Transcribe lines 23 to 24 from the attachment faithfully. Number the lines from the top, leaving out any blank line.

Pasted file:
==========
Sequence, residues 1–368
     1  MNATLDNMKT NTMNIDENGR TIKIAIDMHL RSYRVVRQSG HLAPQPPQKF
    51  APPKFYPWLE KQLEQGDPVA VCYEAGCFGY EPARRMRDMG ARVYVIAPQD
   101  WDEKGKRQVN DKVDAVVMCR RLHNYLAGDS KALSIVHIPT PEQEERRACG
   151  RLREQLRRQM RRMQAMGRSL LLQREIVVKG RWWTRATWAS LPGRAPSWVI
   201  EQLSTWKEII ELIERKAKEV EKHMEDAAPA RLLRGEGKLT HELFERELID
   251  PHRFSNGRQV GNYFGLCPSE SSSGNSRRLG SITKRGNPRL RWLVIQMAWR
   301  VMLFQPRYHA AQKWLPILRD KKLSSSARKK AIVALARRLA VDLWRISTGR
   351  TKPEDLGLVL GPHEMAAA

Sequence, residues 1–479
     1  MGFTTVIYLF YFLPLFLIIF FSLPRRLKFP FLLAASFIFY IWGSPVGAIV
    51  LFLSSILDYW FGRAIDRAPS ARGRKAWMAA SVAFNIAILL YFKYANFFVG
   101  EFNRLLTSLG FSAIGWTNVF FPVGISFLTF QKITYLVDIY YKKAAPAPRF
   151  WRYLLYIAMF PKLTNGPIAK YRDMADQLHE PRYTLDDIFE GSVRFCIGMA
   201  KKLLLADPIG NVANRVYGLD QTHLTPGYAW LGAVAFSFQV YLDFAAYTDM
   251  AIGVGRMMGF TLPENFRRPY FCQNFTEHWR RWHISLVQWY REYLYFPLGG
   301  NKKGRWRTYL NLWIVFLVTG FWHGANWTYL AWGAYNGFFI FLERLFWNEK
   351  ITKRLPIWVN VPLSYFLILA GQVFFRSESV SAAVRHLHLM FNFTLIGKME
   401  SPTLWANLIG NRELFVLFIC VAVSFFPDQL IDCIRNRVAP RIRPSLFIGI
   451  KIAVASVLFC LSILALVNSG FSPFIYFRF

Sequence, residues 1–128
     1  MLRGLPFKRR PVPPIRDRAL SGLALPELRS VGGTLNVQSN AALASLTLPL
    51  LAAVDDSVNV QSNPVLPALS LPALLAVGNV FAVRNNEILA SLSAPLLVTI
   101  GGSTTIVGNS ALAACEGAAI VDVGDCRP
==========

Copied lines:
    51  LAAVDDSVNV QSNPVLPALS LPALLAVGNV FAVRNNEILA SLSAPLLVTI
   101  GGSTTIVGNS ALAACEGAAI VDVGDCRP